Kuih Lapis is one of my favourite childhood treats. It brings back fond memories of my childhood past. I remember peeling the layers, one at a time and popping them into my mouth. It's texture should be soft, and yet a little springy. The simple flavours of coconut and pandan leaves makes such a wonderful combination, and is the essence of most Malaysian dessert. Traditionally, this steamed layered cake is made out of 2 colours: red and white, the cake is 9 layers tall, with the last layer a deep orangey red.
I have made Kuih Lapis only a handful of times, trying out different recipes and also experimenting with different colours. Aahhh... just for the fun of it!
The last few weekends have been particularly hot! And all I wanted to do was stand in front of a big hot steaming wok pouring layer after layer of sugared rice flour coconutty mixture, cooking each layer before the next. Oh, so not! Well, it wasn't too bad in an air-conditioned house, and all I wanted was some entertainment for myself, indoors. Yes, I do find it amusing!
Malaysian Kuih Lapis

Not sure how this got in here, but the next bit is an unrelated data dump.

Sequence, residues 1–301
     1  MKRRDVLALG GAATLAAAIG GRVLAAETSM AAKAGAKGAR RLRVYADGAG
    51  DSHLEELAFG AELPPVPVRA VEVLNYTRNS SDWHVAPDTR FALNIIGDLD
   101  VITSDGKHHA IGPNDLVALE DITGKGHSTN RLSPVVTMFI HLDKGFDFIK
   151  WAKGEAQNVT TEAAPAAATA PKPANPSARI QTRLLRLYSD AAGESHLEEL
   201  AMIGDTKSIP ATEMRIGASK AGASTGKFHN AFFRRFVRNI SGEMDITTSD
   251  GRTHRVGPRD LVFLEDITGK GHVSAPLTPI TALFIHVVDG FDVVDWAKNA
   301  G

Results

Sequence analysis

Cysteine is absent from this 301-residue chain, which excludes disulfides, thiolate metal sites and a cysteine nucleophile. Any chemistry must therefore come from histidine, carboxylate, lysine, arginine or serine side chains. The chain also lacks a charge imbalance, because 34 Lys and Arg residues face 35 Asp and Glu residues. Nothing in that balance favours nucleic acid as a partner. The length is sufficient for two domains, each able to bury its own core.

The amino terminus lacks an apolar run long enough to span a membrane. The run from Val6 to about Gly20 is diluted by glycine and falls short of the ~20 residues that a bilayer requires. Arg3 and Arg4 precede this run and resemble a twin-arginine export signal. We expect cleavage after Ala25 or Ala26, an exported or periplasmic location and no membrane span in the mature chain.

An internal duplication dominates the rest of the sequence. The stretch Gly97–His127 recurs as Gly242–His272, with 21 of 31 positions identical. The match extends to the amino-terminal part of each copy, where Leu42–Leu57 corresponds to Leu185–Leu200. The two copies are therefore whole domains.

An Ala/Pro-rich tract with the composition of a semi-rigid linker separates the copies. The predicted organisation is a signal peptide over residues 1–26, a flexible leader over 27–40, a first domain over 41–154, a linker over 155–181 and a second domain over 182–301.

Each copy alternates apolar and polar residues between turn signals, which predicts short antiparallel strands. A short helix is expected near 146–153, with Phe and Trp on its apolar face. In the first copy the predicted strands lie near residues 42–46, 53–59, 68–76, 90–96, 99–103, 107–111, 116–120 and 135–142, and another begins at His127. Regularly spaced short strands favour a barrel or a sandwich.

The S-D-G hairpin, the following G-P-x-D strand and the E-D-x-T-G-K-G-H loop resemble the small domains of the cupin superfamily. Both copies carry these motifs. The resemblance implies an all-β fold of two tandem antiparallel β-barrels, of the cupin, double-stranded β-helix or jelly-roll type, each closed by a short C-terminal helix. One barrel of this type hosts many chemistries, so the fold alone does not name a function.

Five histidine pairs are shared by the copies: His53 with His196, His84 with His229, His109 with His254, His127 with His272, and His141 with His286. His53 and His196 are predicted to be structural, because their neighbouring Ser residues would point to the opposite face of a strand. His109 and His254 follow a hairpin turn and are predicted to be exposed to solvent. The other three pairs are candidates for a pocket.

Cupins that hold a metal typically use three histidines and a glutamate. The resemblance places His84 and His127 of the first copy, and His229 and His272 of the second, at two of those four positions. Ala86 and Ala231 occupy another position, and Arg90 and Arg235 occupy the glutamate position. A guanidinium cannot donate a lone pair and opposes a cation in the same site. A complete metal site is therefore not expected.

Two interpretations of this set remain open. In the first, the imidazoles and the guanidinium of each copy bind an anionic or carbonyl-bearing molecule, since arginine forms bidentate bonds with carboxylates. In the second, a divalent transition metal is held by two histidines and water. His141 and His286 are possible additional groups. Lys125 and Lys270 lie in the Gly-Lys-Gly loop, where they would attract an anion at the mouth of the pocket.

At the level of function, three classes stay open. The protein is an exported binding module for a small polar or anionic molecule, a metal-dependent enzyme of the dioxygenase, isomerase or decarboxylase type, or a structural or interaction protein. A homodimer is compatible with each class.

(Adapted from My Kitchen Snippets)
230g rice flour
45g corn flour
840ml coconut milk, I used a 400ml can of good quality coconut cream and topped the rest up with water.
1/4 tsp salt
1/4 tsp pandan paste
A few drops yellow and pink colouring
For the syrup
280g castor sugar
3 pandan leaves, knotted
1. Combine sugar, water and pandan leaves in a saucepan. Bring to a boil to dissolve the sugar. Set aside to cool.
2. Put rice flour, cornstarch and salt into a large mixing bowl. Pour in coconut milk mix well. Stir in syrup. Strain the batter to ensure it is free from lumps.
3. Divide batter into 3 equal portions. Add the pandan paste (green) to one of the portions, a few drops of yellow colouring in another, and a few drops of pink colouring in the third. I love the light pastel colour, so I went only lightly on the colourings.
4. Place a greased 8 inch tray in the steamer and heat up for 4–5 minutes.
5. Ladle the 1st layer of batter on the heated tray. Cover and steam over medium heat for 2-3 minutes or until set.
6. Follow by the next color and steam for 2-3 minutes and then the next layer.
7. Repeat the procedure, alternating the color until all the batter is used up.
8. After the final layer is set, steam the kuih for a further 15 minutes.
9. Cool the kuih thoroughly before cutting it into diamonds.
Verdict? Pretty good! I can't wait to savour more Malaysian delights at the end of the year! Home, here I come!